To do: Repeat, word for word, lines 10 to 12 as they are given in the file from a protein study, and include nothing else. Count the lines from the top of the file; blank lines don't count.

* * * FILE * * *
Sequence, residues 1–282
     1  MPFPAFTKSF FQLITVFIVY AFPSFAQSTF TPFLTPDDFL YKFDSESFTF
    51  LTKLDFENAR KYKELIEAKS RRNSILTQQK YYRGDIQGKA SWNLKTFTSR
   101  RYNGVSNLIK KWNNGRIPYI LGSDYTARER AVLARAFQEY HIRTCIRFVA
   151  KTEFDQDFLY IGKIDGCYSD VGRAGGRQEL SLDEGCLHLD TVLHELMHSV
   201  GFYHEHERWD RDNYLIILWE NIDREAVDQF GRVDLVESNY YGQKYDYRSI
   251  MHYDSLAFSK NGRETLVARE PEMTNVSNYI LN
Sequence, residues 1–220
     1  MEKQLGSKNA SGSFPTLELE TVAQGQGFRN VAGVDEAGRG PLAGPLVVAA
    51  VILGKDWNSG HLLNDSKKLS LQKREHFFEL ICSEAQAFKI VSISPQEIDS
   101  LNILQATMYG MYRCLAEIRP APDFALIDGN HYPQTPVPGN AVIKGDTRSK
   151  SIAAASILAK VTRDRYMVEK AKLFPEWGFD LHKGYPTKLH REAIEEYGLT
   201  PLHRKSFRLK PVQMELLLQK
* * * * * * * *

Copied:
    51  VILGKDWNSG HLLNDSKKLS LQKREHFFEL ICSEAQAFKI VSISPQEIDS
   101  LNILQATMYG MYRCLAEIRP APDFALIDGN HYPQTPVPGN AVIKGDTRSK
   151  SIAAASILAK VTRDRYMVEK AKLFPEWGFD LHKGYPTKLH REAIEEYGLT